June 5, 2019 Reading Time: 2 minutes

If President Trump makes good on his latest threats of more tariffs on goods imported from China and Mexico, his attempts at playing hardball will result in a higher overall tax bill for Americans than when he took office.

In a report earlier this year, Pete Earle and I estimated the annual burden to Americans of the tariffs already imposed by the Trump Administration, which at the time added up to about $45 billion. At the time of that writing, a tenuous ceasefire of sorts between the U.S. and China was holding, but that truce is now a distant memory.

In recent months the Trump Administration has furiously added new and threatened tariffs, raising the burden on Americans (and yes, Americans pay these import taxes) to almost unfathomable levels. Over and above the initial $45 billion burden, the President has made the following moves:

  • Increased the tariff rate on $200 billion of Chinese imports from 10 percent to 25 percent, raising the burden of tariffs already enacted to $75 billion

  • Threatened to tax all remaining Chinese imports at 25 percent ($68 billion burden)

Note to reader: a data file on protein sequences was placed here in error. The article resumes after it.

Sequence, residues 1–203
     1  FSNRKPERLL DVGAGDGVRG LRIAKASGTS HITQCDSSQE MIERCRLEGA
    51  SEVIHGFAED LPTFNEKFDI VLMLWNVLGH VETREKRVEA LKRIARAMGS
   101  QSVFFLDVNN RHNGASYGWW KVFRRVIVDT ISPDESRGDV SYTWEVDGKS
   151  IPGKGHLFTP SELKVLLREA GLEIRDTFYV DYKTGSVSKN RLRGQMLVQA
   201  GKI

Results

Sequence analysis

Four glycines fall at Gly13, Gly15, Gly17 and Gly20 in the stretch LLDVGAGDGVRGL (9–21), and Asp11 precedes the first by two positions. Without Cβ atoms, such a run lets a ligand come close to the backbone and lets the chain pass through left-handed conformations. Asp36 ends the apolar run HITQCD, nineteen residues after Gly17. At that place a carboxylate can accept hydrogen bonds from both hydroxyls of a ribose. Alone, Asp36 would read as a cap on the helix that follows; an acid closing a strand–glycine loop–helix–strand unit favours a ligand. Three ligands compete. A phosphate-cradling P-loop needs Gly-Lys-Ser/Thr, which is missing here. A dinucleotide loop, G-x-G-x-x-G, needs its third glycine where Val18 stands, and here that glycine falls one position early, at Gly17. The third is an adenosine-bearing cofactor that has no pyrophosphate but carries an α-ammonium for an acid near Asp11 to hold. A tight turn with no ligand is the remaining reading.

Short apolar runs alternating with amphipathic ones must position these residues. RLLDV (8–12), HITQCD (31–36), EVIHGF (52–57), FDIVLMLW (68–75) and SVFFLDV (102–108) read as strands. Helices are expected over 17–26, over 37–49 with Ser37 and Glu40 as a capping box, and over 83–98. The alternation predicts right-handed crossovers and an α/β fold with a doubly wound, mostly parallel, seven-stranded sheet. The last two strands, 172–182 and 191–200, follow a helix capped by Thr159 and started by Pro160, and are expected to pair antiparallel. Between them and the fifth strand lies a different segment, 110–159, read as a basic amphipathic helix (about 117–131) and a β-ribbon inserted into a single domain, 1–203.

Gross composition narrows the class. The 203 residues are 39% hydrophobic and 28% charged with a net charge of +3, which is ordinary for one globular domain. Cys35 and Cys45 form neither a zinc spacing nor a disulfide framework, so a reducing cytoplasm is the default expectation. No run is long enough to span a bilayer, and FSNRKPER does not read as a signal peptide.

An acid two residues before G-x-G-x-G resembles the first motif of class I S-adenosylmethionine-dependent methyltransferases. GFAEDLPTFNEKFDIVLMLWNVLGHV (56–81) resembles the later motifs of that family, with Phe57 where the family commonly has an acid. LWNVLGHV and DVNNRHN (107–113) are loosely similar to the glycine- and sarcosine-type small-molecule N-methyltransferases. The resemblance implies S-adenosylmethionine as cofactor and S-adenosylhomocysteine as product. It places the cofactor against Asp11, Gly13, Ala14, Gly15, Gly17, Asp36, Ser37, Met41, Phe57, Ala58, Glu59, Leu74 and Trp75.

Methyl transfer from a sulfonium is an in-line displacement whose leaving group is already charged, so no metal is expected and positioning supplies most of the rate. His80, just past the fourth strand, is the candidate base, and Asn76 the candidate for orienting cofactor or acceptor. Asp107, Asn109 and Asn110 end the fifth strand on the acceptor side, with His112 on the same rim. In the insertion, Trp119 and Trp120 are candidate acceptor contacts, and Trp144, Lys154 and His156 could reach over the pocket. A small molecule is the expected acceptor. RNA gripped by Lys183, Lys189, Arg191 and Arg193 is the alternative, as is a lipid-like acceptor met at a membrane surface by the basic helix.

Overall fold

• Threatened to tax all Mexican imports at a rate between 5 percent ($19 billion burden) and 25 percent (additional $75 billion burden)

The chart below puts this staggering tax increase on Americans (assuming the President makes good on his threats) into perspective. We estimate that the overall annual U.S. tariff burden is $235 billion. These tariffs would more than wipe out estimated annual savings from the 2017 income and corporate tax cuts, estimated at $204 billion.

Should these threatened tariffs come to pass, it will be hard to argue that we have seen a more anti-business U.S. President, from either party, in recent memory.

Max Gulker

Max Gulker

Max Gulker is a former Senior Research Fellow at the American Institute for Economic Research. He is currently a Senior Fellow with the Reason Foundation. At AIER his research focused on two main areas: policy and technology. On the policy side, Gulker looked at how issues like poverty and access to education can be addressed with voluntary, decentralized approaches that don’t interfere with free markets. On technology, Gulker was interested in emerging fields like blockchain and cryptocurrencies, competitive issues raised by tech giants such as Facebook and Google, and the sharing economy.

Gulker frequently appears at conferences, on podcasts, and on television. Gulker holds a PhD in economics from Stanford University and a BA in economics from the University of Michigan. Prior to AIER, Max spent time in the private sector, consulting with large technology and financial firms on antitrust and other litigation. Follow @maxg_econ.

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